Even BMW’s ‘Vantablack’ X6 gets caught by LiDAR

It’s essentially like looking into the darkness of the universe in its grand expanse of nothingness while contemplating the lifeless hole that has engulfed your soul as you age towards oblivion but with a BMW badge, grille, and headlights. It really is something you have to see for yourself because the car loses all dimension and looks like a silhouette even when the lights in the Coachella-rave-tent inspired room are turned on.

But even blackest black can’t escape the power of lasers. LiDAR outfit Ouster took one of its sensors into the room to see what they could see and caught the vehicle in all its X6 darker-than dark-glory.

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The sensor relies on a reflected laser and ambient light to “see” objects, and when you have something this black there’s very little reflectivity. Mark Frichtl, Ouster co-founder and CTO explained his theory why a pigment that just sucks up light was caught on the company’s LiDAR system.

Covering the X6 in Vantablack VBx2 reduces both (laser and Ambient light) of these parameters dramatically. At one-percent total hemispherical reflectance, it’s 10-times less reflective than a typical ‘low-reflectivity’ scenario for specifying maximum ranges for LiDAR.

The Ouster OS1-64 LiDAR sensor is specced at a maximum range of 40 meters for a 10 percent reflective target, so there’s a maximum range of around 22 meters for a target that’s one-percent reflective, like VBx2-coated X6.

In other words, it sees the car, but it needs to be close to it to do so. Fortunately, some parts of the car are very reflective so even at long distances, the Vantablack X6 is visible.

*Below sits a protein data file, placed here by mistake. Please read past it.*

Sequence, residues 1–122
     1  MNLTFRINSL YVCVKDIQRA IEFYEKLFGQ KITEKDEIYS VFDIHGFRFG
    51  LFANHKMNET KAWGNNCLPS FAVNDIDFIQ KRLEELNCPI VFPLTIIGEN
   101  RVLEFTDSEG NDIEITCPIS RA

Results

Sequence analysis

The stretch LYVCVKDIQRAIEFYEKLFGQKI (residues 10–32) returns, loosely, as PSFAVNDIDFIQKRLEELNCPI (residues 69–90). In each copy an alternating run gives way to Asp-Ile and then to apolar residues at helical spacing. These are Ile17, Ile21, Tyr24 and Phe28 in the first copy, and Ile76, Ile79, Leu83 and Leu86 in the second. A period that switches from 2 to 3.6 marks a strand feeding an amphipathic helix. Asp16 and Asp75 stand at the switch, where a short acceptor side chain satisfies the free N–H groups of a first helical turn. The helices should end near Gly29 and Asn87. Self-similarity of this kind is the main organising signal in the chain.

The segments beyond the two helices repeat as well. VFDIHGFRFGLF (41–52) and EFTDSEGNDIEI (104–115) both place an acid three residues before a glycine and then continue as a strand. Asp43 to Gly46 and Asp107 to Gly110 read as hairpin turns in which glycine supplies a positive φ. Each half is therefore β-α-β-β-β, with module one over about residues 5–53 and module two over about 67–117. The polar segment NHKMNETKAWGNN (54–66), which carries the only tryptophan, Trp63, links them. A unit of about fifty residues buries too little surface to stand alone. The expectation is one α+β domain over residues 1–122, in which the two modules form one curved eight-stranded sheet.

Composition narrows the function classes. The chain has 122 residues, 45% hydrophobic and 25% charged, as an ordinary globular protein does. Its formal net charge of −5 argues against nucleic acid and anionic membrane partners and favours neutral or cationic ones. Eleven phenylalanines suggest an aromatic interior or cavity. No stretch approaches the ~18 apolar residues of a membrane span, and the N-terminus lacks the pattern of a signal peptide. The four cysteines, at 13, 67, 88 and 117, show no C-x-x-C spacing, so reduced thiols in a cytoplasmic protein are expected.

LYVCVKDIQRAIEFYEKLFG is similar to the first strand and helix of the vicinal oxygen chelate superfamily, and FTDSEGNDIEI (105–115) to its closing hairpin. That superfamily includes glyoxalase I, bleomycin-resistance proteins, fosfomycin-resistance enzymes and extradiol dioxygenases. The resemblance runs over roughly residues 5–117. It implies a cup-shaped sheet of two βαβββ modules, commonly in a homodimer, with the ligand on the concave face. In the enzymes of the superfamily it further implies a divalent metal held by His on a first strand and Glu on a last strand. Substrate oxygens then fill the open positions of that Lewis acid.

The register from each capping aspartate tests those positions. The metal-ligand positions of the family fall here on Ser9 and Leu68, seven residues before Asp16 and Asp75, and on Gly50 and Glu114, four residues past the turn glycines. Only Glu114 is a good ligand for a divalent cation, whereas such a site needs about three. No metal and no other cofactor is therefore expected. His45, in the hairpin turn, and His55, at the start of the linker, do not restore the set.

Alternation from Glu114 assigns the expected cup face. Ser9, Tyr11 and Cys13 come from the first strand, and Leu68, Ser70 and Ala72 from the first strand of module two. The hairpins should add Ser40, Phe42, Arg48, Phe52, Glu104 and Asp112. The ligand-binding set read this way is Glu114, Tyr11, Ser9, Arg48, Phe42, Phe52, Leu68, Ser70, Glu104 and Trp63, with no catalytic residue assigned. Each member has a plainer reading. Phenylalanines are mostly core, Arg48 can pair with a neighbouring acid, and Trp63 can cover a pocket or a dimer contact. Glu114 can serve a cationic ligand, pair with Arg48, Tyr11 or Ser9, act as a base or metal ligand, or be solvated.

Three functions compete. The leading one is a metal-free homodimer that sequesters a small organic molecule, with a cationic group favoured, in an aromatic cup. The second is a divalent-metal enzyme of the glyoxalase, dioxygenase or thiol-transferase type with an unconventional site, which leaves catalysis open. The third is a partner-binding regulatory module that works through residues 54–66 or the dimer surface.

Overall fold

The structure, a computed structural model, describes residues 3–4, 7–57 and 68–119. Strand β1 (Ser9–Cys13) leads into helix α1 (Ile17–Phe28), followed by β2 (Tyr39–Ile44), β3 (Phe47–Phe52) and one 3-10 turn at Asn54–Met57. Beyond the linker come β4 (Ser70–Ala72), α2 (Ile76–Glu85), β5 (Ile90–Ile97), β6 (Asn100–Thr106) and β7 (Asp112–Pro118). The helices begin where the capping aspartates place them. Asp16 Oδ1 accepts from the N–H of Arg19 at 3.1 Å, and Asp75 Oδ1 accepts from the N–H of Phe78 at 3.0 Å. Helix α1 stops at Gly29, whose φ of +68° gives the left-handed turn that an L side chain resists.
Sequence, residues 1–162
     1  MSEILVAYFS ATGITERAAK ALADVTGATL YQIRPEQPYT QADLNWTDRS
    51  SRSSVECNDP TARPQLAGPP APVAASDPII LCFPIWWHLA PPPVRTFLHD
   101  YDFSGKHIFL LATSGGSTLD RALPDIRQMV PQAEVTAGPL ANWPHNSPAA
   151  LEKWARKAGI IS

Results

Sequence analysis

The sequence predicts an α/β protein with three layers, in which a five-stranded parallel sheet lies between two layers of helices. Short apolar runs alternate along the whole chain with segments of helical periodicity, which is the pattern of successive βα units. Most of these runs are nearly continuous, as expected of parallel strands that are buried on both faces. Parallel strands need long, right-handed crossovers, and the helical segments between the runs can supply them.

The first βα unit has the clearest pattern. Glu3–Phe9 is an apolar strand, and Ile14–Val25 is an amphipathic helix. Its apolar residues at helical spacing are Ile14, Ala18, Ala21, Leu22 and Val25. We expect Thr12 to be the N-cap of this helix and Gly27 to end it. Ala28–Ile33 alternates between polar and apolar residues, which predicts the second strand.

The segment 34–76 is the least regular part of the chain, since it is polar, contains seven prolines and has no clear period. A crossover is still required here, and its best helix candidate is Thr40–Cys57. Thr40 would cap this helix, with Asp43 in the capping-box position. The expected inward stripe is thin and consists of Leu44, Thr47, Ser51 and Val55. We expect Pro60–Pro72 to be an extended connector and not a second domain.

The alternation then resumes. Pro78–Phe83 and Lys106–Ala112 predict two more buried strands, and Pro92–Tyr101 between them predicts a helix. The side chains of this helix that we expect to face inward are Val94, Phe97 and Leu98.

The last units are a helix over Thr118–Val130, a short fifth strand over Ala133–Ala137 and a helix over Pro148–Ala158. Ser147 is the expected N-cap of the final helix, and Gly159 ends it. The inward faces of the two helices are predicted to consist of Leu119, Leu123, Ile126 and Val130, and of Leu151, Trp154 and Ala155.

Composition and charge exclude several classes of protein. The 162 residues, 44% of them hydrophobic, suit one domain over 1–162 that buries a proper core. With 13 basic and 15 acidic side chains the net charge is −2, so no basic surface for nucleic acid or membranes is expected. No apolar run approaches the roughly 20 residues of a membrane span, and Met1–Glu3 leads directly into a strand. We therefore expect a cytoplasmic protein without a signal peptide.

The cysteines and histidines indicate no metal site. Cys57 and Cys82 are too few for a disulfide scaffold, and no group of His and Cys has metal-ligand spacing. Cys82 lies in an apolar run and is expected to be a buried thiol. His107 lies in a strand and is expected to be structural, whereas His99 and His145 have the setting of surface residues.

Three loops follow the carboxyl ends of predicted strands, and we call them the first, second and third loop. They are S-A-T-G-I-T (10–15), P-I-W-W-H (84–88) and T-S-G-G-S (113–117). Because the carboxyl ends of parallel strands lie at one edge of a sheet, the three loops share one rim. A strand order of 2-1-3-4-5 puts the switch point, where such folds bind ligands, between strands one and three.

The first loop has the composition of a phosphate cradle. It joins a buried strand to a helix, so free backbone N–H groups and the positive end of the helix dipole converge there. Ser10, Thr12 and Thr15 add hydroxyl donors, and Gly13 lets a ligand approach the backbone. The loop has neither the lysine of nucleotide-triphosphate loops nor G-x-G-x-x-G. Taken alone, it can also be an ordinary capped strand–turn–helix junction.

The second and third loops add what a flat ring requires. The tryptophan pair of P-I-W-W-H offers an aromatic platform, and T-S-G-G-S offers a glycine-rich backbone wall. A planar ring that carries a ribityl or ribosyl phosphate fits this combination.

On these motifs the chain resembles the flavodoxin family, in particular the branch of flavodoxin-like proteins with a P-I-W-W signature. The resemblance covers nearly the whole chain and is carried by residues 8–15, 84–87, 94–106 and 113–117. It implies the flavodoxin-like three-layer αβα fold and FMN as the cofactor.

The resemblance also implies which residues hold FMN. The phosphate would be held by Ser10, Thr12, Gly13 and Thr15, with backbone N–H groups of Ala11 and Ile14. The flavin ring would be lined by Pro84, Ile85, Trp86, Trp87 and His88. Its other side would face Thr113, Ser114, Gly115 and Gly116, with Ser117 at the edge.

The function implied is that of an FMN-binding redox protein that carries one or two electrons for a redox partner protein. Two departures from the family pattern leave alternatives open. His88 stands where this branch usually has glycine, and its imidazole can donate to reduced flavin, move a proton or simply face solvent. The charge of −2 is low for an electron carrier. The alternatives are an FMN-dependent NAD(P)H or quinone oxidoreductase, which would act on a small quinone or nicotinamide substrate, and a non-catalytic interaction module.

“You’ll also notice that certain parts of the X6 are designed to be extremely reflective, like the license plate and retroreflectors in the headlights and signals. Those parts would be easily picked up at more than 100 meters away. And you can see that in the video, with the license plate being one of the brightest objects in the scene,” Frichtl told Engadget.

Of course, BMW will never sell a car with Vantablack. But if someone decides to spend all their money on a custom paint job, the vehicle will still be detectable by sensors as long as they don’t cover the entire vehicle (including the windshield).

BMw Vantablack X6

LiDAR has become one of the go-to sensors for most automakers to help vehicles see the road, especially for driver’s assistance features. In addition to adding redundancy systems that already have cameras and Radar, LiDAR’s ability to create high definition images from the bouncing of light off surfaces from far distances gives vehicles a more robust piece of data about an object.

This demonstration is further evidence that a suite of sensors on vehicles is always better than just one.

DOJ launches probe of automakers that agreed to California emissions rules

When the agreement was first announced in July, it was seen as a direct challenge to the Trump administration’s planned rollback of the Obama-era Clean Power Plan, which would have held automakers to improve fuel economy to 54.5 miles per gallon by 2025. The paper’s sources claim the White House did not order the DOJ to launch the investigation. Instead, the agency reportedly began looking into the four companies out of a worry they had conspired with one another to create the agreement. The DOJ may see the pact as an agreement between the four companies not to compete with one another on the grounds of fuel efficiency. Notably, the DOJ isn’t investigating Mercedes-Benz, one of two companies that had been reportedly leaning toward joining the pact.

In a separate letter, the Environmental Protection Agency (EPA) and the Department of Transportation (DOT) told California to essentially leave the agreement. “We urge you to act immediately to disassociate CARB [California Air Resources Board] from the commitments made by the four automakers,” says the note. “Those commitments may result in legal consequences given the limits placed in federal law on California’s authority.”

In response, CARB Chairwoman Mary Nichols said, “The U.S. Department of Justice brings its weight to bear against auto companies in an attempt to frighten them out of voluntarily making cleaner, more efficient cars and trucks than [the] EPA wants. Consumers might ask, who is [EPA chief] Andy Wheeler protecting?” The investigation is likely to further fray an already tense relationship between the Trump administration and California, though whether it will actually lead to any antitrust convictions is hard to say. The DOJ is likely to have a hard time arguing that BMW, Ford, Honda and Volkswagen broke antitrust rules by coming together with a state regulator to negotiate public policy.